The Cleburne County Quorum Court met Thursday to attend the county’s business, in a terse and brief session. At issue was County Judge Jerry Holmes’ veto after the quorum court passed a county-wide Bill of Rights Sanctuary ordinance in April.
Justice of the Peace Sean Blackburn sponsored an ordinance intended to protect law-abiding, tax-paying, gun-owners from state and federal overreach such as excessive taxation, registration or tracking of firearms in the community.
In April state legislators were working on their own version, specifically Senate Bill298, sponsored by State Sen. Gary Stubblefield.
Despite support from three-quarters of both chambers, Gov. Asa Hutchinson vetoed SB298, which rejected “all acts, laws, orders, rules and regulations of the United States Government, whether past, present or future, that infringe on the people’s right to keep and bear arms.” Hutchinson wrote to the legislature that SB 298 would harm the state’s relationship with federal authorities. Despite a successful Senate vote to override the governor’s veto of SB298 (the Arkansas House of Representatives tabled a motion to override the governor’s veto, effectively running out the clock on the bill), lawmakers recognized the potential negative impacts of the bill and offered another solution: HB1957, sponsored by State Rep. Jeff Wardlaw. Per the bill’s language, federal laws, orders and regulations “enacted on or after Jan. 1, 2021, that infringe on the people’s right to keep and bear arms’’ are invalid in the state.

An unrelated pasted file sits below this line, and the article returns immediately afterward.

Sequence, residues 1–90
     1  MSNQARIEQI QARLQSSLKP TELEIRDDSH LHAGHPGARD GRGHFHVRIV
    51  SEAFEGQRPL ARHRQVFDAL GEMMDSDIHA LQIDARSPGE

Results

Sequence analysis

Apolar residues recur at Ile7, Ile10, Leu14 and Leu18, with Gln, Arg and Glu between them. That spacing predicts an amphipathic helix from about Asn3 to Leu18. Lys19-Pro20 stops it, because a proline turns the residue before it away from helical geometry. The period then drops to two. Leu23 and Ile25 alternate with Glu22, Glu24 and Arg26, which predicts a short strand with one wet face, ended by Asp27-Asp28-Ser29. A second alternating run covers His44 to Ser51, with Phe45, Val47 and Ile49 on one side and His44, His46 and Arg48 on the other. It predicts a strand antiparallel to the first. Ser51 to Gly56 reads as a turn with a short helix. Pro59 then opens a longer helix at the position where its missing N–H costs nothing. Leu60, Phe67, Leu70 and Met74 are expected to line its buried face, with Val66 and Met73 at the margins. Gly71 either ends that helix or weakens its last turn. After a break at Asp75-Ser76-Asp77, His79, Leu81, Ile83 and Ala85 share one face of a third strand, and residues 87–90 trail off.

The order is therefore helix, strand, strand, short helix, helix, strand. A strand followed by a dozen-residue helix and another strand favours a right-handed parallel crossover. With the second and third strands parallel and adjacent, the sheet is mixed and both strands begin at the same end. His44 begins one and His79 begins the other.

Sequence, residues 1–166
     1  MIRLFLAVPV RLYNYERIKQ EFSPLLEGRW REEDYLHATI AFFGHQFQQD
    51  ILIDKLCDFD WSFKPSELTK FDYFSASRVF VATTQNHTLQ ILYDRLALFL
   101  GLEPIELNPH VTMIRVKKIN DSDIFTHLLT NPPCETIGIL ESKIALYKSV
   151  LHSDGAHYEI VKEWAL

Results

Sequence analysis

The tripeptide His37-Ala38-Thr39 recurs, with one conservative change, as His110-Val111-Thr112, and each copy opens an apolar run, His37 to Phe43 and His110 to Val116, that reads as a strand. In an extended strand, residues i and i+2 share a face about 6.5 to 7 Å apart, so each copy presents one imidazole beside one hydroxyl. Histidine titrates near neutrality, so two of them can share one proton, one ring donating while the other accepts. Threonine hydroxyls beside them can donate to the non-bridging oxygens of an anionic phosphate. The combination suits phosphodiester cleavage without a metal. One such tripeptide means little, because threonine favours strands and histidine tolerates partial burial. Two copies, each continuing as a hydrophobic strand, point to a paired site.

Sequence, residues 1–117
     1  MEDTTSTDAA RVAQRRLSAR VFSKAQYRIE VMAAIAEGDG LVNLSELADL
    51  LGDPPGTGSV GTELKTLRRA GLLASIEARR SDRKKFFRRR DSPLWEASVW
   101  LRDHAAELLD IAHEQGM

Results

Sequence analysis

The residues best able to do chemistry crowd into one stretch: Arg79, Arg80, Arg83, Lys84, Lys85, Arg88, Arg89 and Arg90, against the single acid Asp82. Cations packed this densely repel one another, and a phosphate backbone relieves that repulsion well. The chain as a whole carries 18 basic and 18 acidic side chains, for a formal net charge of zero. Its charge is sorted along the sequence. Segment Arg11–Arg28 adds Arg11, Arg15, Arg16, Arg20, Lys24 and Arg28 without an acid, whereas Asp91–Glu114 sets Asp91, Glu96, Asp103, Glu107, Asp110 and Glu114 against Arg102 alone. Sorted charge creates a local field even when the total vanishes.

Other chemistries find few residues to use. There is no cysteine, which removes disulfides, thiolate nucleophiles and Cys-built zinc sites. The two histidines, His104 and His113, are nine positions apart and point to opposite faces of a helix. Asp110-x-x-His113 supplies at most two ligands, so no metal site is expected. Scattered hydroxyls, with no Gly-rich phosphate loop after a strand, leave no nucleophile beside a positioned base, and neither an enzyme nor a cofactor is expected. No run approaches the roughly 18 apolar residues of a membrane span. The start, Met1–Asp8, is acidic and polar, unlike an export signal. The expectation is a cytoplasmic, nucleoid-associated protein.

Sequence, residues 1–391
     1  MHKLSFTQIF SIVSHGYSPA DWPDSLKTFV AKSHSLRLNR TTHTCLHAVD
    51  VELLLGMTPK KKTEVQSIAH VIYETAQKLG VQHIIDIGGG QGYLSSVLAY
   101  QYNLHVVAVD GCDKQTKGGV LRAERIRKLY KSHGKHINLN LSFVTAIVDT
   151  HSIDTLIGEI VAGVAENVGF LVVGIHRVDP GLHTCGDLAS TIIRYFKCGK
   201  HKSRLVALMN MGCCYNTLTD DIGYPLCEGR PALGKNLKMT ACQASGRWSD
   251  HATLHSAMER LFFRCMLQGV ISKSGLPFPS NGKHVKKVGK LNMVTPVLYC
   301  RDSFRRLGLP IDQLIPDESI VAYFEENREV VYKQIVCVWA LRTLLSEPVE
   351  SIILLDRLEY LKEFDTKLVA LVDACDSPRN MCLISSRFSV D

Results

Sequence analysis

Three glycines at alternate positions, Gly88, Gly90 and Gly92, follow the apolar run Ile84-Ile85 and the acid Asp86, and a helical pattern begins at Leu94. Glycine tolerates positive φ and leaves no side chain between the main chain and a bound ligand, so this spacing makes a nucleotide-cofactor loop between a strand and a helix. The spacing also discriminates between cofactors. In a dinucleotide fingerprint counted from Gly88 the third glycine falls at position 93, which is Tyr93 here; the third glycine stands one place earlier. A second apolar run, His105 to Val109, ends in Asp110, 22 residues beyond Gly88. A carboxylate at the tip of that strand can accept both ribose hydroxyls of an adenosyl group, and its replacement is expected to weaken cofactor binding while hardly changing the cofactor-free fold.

This language narrowed the scope of SB298 and ensures that active legal cases aren’t jeopardized, as well as, specifically listing exceptions to HB1957’s language, noting that law enforcement officers and other state authorities are still expected to cooperate with federal authorities on actions that don’t involve hypothetical federal gun bans.
Law enforcement told legislators they pick up a lot of drug dealers, smugglers, and human-traffickers, not necessarily on that charge, but on federal gun charges, because federal gun charges are a higher felony.
House Bill 1957, touted as a compromise, was put forth just days before the session ended.
People remain unconvinced. Holmes himself understood.
“I would entertain the motion to do an override veto,” Holmes said.
“I’ll make a motion to override the veto,” said Justice of the Peace Jacque Martin.
Blackburn seconded the motion.
In a roll-call vote, four justices: Martin and Blackburn, Alan Malone, and Charles Tamburo, voted to override Holmes’ veto.
In other business, the ambulance committee created a voluminous rough draft for quorum court members to look at before the first draft is prepared for next month’s meeting. Additionally the quorum court appointed Zeke Wilson to the library board and David Johnson and Gary Redd were appointed to the board of equalization.